Andreas Kallert

KU Eichstätt-Ingolstadt

Am Marktplatz 2

85072 Eichstätt

Andreas Kallert studied political science at the University of Bamberg and graduated in 2011. In his doctoral thesis at the University of Marburg, he investigated the bank bailouts during the 2007-2009 financial crisis in Germany. Following his PhD, he used a Fritz Thyssen research grant to analyze the role of „systemic importance“ in the European Banking Union. His research interests are Financialization, Cultural Political Economy, Geographies of Rural Areas and Materialist Theories of the State. His current projects are “Debt Assistance for Small Municipalities in Germany” and “Ghost Cities in China and Spain”.

The Design of Debt Relief Support for Financially Weak, Small Municipalities in Germany: A Comparative Analysis with Special Consideration of Federal Structures

Funded by the Deutsche Forschungsgemeinschaft (DFG, German Research Foundation) – 507273414.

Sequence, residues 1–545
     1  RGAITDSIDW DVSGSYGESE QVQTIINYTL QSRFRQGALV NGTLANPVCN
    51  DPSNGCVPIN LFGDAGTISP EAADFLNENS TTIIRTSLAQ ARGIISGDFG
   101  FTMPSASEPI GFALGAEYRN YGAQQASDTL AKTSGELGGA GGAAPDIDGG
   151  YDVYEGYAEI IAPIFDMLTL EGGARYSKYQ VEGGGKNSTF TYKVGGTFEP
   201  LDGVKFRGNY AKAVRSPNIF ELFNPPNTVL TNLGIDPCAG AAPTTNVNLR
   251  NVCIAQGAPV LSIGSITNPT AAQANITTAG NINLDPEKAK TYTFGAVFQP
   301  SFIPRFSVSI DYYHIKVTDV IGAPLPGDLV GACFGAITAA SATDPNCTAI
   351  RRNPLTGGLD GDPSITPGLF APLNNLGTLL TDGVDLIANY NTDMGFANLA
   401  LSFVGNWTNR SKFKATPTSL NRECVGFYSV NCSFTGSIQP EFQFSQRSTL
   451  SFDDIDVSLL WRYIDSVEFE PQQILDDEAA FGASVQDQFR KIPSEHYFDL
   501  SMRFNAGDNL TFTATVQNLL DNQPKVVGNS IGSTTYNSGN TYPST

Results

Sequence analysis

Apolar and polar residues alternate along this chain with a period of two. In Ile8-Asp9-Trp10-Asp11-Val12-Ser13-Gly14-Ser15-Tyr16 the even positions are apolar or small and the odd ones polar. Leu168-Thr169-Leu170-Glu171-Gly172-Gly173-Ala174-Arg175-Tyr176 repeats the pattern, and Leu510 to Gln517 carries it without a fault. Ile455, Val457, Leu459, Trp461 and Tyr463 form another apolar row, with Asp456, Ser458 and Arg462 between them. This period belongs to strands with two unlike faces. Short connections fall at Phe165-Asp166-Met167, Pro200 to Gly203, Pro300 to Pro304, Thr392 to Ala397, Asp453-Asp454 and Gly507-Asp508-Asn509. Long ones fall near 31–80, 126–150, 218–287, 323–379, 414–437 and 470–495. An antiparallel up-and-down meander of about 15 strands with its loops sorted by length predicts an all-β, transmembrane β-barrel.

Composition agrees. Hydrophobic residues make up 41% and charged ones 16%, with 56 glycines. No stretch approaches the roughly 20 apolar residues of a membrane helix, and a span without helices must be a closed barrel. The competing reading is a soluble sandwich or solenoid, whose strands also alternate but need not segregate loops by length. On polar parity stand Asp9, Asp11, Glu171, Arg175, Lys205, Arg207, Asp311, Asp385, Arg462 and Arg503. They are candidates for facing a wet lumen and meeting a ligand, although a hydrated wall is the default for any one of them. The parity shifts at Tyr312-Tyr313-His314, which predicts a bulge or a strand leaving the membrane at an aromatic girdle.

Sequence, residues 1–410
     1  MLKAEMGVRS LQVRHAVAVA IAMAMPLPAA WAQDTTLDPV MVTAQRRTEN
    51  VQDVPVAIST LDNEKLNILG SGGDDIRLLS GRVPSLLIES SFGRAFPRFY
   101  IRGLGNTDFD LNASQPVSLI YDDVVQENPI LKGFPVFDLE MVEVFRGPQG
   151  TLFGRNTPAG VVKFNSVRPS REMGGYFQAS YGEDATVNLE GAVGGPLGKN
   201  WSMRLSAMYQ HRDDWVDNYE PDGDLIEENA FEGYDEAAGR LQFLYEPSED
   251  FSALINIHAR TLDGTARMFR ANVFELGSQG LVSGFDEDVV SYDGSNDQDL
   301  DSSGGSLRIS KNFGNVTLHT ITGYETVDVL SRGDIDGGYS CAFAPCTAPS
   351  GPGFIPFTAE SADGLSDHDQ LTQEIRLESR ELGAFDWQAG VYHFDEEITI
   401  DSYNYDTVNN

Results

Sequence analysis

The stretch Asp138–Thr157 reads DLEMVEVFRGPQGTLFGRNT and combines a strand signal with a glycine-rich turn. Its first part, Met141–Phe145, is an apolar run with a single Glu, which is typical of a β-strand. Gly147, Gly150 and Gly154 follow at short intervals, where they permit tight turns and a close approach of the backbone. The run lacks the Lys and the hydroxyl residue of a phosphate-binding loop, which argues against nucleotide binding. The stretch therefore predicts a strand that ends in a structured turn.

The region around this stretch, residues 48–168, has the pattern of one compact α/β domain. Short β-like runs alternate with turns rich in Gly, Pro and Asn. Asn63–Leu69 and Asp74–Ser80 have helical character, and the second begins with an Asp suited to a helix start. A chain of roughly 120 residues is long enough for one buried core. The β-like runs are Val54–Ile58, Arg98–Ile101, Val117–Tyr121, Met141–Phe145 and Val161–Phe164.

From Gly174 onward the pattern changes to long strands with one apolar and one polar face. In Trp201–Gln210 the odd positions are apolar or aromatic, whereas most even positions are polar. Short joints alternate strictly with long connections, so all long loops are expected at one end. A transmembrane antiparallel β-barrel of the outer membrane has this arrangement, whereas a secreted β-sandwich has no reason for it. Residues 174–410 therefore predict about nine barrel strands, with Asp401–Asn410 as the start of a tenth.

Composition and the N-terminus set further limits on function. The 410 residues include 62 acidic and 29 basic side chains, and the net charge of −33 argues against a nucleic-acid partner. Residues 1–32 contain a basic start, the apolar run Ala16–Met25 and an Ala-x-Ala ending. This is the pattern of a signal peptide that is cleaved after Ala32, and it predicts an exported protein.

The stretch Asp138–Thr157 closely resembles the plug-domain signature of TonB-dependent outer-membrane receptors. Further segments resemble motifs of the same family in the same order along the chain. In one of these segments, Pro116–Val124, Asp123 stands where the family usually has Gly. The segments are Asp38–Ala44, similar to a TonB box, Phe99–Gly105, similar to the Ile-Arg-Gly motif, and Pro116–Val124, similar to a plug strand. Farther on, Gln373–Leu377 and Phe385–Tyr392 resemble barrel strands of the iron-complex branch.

In the course of the global financial and economic crisis, the municipal budget situation in Germany deteriorated and is since then characterized by over-indebtedness. The motivation of our research project is to add a spatial and qualitative perspective to the existing research on municipal debt support granted by the states for their own municipalities. Building on the conceptual approaches of austere federalism and austerity management, the project aims to analyse both the local effects of conditional debt support on small municipalities in a federal comparison and the influence on spatial disparities. To this end, we study municipalities in the German states of North Rhine-Westphalia, Rhineland-Palatinate, Saarland, Hesse and Bavaria. In a broader context, our project aims to contribute to the international scientific debate on spatial disparities and equivalent living conditions. Particularly in view of renewed municipal budget shortfalls in the wake of the Covid-19 pandemic and the geopolitical unrest since the Russian war against Ukraine, the project also addresses a virulent sociopolitical field of conflict within and beyond the academic discourse.